Is my wife a witch?

No, this is not the first line of a Henny Youngman joke (if you don’t know who he was, Google him, the King of the one-liners), it’s an honest question. You see my wife is descended on both sides of her family from Puritans, one of whom came on the Mayflower. She’s traveled even farther back in time, and viewed the homes and histories of her English ancestors, their portraits, fame and fortune.

Anyway, she’s recently discovered that her eighth great grandmother (on her mother’s side) Rebecca Nurse was accused of witchcraft and put to trial while living in Salem, Massachusetts. She was at first exonerated. Then, under pressure from her accusers, the judge ordered a “reexamination” and, at the age of 70, she was hung by the neck. Rebecca Nurse’s real exoneration came in “The Crucible,” Arthur Miller’s play about the Salem Witch trials.

It’s hard for us today to imagine accusing a 70-year-old woman of witchcraft, let alone threatening to hang her or burn at the stake, but in Salem of 1692 there was lot of this going around. A trial would be held, witnesses brought and testimony given, the legal mumbo-jumbo of the time would be used and charges of witchcraft either proven or dis-proven.

Now in my wife’s family’s case things got a little weird. As I said, she comes from several lines of Puritans. On her mother’s side she is the eighth great grandchild of John Proctor, also accused of witchcraft and hung. On her father’s side, her seventh great grandmother was Alice Booth, one of Rebecca Nurse’s original 14-year-old accusers. Imagine the odds of that happening. On the other hand, it’s true there were not all that many Puritans in Salem in 1692.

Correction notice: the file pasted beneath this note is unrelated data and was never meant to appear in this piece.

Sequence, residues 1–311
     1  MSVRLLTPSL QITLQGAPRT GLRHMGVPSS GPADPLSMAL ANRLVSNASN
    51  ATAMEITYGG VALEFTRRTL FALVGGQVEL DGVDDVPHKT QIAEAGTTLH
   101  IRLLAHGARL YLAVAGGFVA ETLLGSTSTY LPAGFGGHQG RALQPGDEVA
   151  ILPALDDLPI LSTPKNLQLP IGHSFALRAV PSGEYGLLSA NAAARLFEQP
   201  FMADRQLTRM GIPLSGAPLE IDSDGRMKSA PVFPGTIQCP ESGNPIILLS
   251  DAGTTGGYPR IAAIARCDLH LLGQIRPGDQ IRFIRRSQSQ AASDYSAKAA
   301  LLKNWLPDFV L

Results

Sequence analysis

Neither her mother nor her father, both now deceased, knew of this odd and one might even say cosmic connection. No doubt they both would have been amused. My wife’s father was a history professor and her mother was particularly pleased with her Puritan heritage of “temperance and moderation.”

My wife, with the aid of genealogy websites, has fleshed out so many of her relatives she generously looked into mine. Unfortunately, the record of my family line stops just four generations back, around 1890 when the first of us came to America from Russia. She did find a Mordechai, Hershel and Sadie I’d never heard of, which was kind of nice. No accused witches, though my late father described one of his grandmothers as a witch (or perhaps it was a word that rhymes).

The growth of genealogy websites is ironically, I’ve been told, fueled by interest in genealogy by the Mormons, one of the world’s more recent religions. The story I’ve been told is that if a Mormon discovers a previously unknown ancestor, that ancestor can be posthumously “baptized” into the Mormon Church as a member. If true, this might explain why it is called a fast-growing faith, but then it might not be true. Nonetheless, more historical records are being digitized every day. Census data, ship manifests, draft board files, old phone books. One never knows where the search will lead.

Anyway, I’ve lately been looking at my wife a little differently, watching what she does and how she does it. Just because her Great, Great, Great, Great, Great, Great, Great, Great Grandma was exonerated of witchcraft doesn’t mean she wasn’t guilty.

One thought on “Is my wife a witch?

  1. When facing trial in 1692, “thirty-two Ipswich men, headed by the minister, John Wise, signed a petition ‘on behalf of our neighbors John Proctor and his wife, now in trouble and under suspicion of witchcraft'” (B&N 202). The petition validates the character of John Proctor and his family. After receiving his sentence to die on Gallows Hill on August 19.1692, Proctor sought time to prepare for his death and secure the welfare of his estate for future generations.

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